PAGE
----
SRA opts for £6.08 per hour for trainee solicitor minimum wage

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  • How does this facilitate access or social mobility? It means those from poorer backgrounds surely are even less likely to be able to enter the profession when they can now be paid even less yet will have a heavier millstone of debt around their neck from the costs of training than might others. I qualified some years ago so it doesn't affect me remotely but think it's a negative move and can't really see any benefit to it other than huge savings for firms.

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  • The people who (a) compare law to other graduate jobs and (b) who say social mobility isn't important are misguide, short-sighted fools.

    At the end of the day (a) law isn't like other jobs. Irrespective of the fact law has a certain 'status', no other 'fresh otu of university' graduate job requires a £12 000 privately funded course - in fact, you could get 2 Master's degrees for that and become an academic if you really wanted to. Also, it creates the prospect of paralegals and secretaries being on more (or the same) as trainees when they haven't shelled out £ x xxx for the privilege - hardly a harmonious working environment or one that appreciates the level of education a trainee has gone through

    And (b) social mobility is important because law, like other professions, has to shake its elitist image and, as lawyers, we need a diverse profession that meets the needs of our clients, which is who we are there to serve.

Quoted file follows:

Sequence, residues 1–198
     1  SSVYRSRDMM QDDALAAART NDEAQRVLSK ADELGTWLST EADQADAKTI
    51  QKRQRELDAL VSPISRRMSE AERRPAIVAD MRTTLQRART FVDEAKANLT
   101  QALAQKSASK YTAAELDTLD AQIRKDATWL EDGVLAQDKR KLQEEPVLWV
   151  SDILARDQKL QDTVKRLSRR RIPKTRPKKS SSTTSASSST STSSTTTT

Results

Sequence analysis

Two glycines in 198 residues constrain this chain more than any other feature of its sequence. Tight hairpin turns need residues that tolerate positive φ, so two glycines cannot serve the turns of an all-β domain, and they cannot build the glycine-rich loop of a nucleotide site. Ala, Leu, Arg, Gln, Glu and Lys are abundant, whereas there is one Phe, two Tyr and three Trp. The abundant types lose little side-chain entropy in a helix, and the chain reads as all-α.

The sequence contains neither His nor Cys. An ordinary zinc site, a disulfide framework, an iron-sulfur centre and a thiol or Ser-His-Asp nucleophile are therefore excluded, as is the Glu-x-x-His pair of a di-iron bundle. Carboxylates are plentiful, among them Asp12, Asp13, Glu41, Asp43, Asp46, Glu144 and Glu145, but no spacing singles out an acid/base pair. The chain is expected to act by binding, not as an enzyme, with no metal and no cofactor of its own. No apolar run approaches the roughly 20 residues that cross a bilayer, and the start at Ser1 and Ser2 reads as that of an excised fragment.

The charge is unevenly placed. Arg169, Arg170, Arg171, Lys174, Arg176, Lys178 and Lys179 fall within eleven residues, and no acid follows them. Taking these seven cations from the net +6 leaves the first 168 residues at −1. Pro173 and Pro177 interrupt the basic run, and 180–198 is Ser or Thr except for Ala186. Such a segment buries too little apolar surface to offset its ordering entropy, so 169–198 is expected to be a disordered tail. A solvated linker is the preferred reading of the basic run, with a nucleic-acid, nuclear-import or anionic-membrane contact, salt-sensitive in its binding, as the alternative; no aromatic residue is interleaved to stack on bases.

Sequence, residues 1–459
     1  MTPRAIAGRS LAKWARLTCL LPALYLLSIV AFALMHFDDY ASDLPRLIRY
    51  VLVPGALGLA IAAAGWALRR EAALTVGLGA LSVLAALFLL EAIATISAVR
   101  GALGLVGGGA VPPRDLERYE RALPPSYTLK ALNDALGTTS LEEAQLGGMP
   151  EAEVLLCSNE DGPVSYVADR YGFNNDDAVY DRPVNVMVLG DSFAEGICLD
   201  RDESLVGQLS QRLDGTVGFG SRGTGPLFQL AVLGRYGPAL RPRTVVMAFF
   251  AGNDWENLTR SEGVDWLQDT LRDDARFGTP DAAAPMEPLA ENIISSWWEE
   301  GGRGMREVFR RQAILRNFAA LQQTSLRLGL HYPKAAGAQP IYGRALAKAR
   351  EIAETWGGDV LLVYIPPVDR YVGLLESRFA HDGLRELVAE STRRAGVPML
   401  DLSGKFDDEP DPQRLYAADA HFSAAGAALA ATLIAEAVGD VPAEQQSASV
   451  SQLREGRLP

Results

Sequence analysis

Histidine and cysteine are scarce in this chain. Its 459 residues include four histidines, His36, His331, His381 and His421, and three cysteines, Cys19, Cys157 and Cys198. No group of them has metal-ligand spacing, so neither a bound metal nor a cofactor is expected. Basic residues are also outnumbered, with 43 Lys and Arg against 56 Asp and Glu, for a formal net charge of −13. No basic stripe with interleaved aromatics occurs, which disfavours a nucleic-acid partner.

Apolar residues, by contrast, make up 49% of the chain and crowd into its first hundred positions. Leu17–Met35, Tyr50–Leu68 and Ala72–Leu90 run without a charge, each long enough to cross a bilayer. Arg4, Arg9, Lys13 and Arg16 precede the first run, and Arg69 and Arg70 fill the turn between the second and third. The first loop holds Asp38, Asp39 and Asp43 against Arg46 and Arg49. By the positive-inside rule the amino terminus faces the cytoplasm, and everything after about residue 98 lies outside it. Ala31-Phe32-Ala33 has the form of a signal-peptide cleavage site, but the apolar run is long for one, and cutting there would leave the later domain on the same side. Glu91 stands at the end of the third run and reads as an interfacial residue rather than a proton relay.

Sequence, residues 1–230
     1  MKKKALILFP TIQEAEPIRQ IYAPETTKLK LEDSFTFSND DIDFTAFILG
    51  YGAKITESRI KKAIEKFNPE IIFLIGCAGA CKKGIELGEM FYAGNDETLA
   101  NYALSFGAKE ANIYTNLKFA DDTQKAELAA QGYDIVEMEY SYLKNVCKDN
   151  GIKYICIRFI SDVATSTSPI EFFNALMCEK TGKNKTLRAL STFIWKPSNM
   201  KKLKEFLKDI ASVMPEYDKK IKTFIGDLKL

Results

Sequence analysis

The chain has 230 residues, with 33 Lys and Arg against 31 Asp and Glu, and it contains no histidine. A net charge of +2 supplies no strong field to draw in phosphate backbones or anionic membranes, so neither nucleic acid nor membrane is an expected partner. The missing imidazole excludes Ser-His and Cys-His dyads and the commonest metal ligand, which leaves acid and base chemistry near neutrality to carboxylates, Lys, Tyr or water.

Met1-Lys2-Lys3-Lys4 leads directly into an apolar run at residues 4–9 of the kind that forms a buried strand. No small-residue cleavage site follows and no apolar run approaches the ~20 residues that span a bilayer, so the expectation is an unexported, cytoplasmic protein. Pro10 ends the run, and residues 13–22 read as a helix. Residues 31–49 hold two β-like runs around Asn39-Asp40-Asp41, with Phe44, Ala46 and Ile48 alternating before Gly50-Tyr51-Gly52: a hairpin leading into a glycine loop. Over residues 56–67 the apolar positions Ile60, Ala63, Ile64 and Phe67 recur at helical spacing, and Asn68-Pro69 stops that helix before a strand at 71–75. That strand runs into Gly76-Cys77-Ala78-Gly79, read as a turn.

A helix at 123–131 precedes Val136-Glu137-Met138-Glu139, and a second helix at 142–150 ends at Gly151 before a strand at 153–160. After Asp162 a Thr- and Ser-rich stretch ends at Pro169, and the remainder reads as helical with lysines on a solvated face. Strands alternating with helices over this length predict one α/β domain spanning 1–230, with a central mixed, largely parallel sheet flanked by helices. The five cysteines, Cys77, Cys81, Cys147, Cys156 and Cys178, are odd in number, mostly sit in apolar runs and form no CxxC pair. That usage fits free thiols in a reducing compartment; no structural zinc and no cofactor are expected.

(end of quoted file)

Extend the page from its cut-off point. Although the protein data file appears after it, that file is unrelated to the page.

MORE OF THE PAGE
It's ok for people like me in the City but I do feel for others who, I suspect, will go to much smaller firms with no funded LPC.

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  • @Anonymous | 17-May-2012 10:53 am

    Yes, but you're forgetting no-one is forcing you to take on £40k+ worth of debt to realise your dream of being a solicitor you can equally choose not to do law and do something else which pays a reasonable wage for your degree education.

    Consider two examples: one completely self-funded student with no access to parental financing has got a good degree from a good university (paid for by student loans, part-time work, overdrafts etc.) and now faces a choice - do the LPC (£12-13K in fees alone + living cost) or do another job. If they elect to do the LPC then on completion they can choose between getting paid £6.08ph or again elect to get a different job and start paying off their debts. Ultimately, the student always has a choice. Let's say the student decides not to do law and gets a reasonable graduate job earning £20-25k.